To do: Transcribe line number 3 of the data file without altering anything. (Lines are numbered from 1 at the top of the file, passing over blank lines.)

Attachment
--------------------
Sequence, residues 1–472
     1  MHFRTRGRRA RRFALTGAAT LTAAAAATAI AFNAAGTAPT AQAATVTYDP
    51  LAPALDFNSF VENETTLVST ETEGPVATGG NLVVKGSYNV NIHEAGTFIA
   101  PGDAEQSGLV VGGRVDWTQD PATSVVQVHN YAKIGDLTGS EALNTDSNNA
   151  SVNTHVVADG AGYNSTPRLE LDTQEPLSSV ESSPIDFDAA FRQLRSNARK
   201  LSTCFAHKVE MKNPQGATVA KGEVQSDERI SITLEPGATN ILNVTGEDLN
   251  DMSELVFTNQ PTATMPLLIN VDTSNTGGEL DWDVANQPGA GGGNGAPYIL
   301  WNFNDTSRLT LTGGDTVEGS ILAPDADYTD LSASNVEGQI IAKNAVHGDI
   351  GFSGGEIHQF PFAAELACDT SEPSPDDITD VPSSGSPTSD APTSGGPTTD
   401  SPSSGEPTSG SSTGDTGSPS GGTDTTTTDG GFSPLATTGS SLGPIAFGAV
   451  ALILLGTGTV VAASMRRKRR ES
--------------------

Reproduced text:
    51  LAPALDFNSF VENETTLVST ETEGPVATGG NLVVKGSYNV NIHEAGTFIA